The Ghosts of Tech Past and Future

Publisher�s Outlook

The Ghosts of Tech Past and Future

By Rich Tehrani, CEO, Group Editor-in-Chief, TMC  |  January 16, 2014

If you want to marvel at the future of wearable tech, as well as the future of augmented reality, take a look at a video from Atheer Labs, which shows just how fast things can evolve before our eyes.

Just a few years back Corning wowed many with its Day Made of Glass video series, which envisioned a world in which every surface was intelligent thanks to its smart-glass solutions. Now, however, we see that augmented reality in many ways alleviates the need to add glass to every surface with which we come in contact.

Almost overnight the concept of wearable technology has wiped out potentially tens of billions of dollars of extra spending to touch-and-display-enable our world. Wow. Talk about a disruptive technology – smart glass getting disrupted by smart glasses.

If you want to learn more, check out the Atheer labs Indiegogo funding page where you can donate $10, purchase a pair of Atheer One glasses for $400, a variety of developer and gift kits, and more.

While you’re online, you might want to check into TMC’s (News - Alert) site related to Wearable Tech Expo, which will be held on July 23-24, 2014, at the NYU Kimmel Center in New York City.

Wearable tech is obviously a hot new area, which is why TMC recently launched the Wearable Tech Expo. Our most recent event took place in December in Los Angeles.

Among the featured speakers at the December Wearable Tech Expo was Philippe Khan. He is one of the tech entrepreneurs and visionaries who really defines the term successful serial entrepreneur and inventor. In the 1980s, Khan was CEO of Borland, the company which made a number of programming tools and eventually purchased Paradox, the most-popular full-featured PC database program. TMC ran on both Turbo C and Paradox in the eighties; I know this because I was the person in charge of the programming and running IT at the time. I first used Turbo C in college on a 286 clone that I believe ran at 10 or 12mHz. Thankfully, Turbo C was a fast compiler. To give you an idea of what connectivity was like at the time, the campus mainframe had a 300-baud modem connection.

What is more incredible is what Khan has done since those early days. In the mid-nineties he founded Starfish Software, a pioneer in the wireless synchronization market. The company was later sold to Motorola. Shortly thereafter he founded LightSurf – the first company to integrate the camera and phone. The company was later sold to Verisign then Syniverse Technologies (News - Alert). In 2003 he founded Fullpower Technologies to focus on the convergence of life sciences, wireless technology, accelerometrics, nanotechnology and microelectromechanical systems. The company’s MotionX Technology platform powers many end user solutions from the Nike+ GPS to the Jawbone Up band.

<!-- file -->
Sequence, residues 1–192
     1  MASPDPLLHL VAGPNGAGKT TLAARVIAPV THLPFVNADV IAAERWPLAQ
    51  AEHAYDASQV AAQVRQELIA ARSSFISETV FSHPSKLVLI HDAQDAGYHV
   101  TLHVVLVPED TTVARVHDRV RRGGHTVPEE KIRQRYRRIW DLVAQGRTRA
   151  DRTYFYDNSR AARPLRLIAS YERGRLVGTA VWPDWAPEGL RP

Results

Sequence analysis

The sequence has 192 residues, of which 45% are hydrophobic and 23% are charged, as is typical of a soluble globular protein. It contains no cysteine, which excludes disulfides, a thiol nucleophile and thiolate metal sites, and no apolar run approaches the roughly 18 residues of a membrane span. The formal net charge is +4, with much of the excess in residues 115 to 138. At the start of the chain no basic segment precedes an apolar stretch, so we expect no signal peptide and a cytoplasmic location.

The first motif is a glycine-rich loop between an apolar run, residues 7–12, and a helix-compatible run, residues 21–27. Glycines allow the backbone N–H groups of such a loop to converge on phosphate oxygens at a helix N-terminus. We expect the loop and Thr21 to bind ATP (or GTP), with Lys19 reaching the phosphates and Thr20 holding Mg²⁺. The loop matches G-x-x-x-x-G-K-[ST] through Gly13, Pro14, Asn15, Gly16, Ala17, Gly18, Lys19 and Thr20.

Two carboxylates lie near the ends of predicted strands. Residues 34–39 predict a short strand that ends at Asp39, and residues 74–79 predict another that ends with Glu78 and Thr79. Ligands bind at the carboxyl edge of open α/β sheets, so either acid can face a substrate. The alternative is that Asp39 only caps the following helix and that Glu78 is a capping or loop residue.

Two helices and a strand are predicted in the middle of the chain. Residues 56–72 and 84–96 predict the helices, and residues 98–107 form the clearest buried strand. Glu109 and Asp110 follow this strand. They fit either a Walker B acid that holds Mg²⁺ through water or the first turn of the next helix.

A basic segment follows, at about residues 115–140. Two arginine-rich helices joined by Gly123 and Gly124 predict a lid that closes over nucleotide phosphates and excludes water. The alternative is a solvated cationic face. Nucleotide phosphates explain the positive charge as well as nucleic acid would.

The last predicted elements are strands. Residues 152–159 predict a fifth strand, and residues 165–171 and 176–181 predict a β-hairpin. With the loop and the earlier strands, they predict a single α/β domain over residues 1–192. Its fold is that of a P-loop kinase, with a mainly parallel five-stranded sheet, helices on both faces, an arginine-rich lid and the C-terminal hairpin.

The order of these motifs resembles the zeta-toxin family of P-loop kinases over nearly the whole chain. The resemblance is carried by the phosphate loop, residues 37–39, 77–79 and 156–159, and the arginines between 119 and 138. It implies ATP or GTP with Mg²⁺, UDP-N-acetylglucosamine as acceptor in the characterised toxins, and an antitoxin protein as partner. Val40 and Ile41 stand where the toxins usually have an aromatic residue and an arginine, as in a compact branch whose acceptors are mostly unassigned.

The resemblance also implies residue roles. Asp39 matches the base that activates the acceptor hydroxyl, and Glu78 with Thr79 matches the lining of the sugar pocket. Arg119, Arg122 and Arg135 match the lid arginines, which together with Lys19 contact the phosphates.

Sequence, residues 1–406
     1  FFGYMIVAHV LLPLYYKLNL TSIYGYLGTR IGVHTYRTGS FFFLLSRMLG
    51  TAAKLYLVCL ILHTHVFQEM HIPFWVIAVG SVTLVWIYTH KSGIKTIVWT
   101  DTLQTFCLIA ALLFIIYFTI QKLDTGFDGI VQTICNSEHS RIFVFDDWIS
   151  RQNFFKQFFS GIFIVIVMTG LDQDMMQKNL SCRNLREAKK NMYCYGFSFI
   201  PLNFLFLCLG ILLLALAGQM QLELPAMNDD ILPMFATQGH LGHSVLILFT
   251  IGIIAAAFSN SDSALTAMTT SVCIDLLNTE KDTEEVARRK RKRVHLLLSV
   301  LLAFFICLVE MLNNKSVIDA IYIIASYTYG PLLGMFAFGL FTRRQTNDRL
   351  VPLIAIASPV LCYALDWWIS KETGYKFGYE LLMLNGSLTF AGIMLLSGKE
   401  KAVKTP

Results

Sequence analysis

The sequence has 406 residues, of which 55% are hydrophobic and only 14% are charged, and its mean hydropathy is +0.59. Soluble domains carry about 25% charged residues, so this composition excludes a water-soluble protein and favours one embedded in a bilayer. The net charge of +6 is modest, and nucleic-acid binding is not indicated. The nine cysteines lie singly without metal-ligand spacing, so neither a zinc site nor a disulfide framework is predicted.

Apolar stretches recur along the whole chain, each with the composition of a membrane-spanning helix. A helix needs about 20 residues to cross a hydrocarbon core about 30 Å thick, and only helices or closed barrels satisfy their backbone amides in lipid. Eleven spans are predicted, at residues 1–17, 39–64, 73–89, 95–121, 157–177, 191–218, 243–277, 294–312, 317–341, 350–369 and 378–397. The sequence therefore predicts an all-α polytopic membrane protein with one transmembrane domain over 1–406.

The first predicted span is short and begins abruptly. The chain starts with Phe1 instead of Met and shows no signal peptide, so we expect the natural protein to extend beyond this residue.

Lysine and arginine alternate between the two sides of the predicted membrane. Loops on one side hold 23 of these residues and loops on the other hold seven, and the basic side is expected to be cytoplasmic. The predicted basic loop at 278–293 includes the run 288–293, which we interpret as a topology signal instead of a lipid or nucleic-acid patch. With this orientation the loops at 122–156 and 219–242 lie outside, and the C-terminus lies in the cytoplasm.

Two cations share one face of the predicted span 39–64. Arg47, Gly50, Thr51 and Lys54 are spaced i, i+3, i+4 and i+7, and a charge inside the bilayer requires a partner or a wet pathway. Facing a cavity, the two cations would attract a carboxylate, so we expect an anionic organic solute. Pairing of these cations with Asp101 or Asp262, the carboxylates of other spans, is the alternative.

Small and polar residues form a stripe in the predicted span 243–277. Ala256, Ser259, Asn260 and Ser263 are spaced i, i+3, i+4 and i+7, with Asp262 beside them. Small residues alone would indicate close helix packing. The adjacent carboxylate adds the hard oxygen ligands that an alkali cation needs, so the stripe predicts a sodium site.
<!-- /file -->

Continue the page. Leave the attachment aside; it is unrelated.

This is where the story converges with the theme of wearable tech and Wearable Tech Expo, at which Paul Gaudino of Adidas, Cary Bran of PLT Labs/Plantronics, and Dan Cui of Vuzix where also presenters. To check out the speaker lineup and get other details about the next Wearable Tech Expo, visit:

Speaking of personal technology, it was clear that Microsoft (News - Alert) had a tough time during the holiday season. Wal-Mart alone sold 1.4 million tablets on Thanksgiving, which is exactly why Microsoft and its hardware retail partners and Intel (News - Alert) desperately need a piece of the tablet pie.

The result? The companies finally put out an ad – really it’s a Dell ad for the Venue 8 Pro – which is worth watching. It features a traveler on an airplane who has no space and is still able to work with his office apps and more.

But I have to wonder why Microsoft, now the proud owner of Skype – a consumer technology that could entice potential buyers – doesn’t mention that fact in the ad somewhere.

In any case, I hope you enjoy it as much as I did. You may also want to check out the Scroogled ad Microsoft recently ran, which pokes holes in the Chromebook computer.

It really seems the incumbent providers have finally woken up and are prepared to fight. Now the question will be whether buyers are ready to give up Apple (News - Alert) and Android in favor of Microsoft and Dell.

Edited by Stefania Viscusi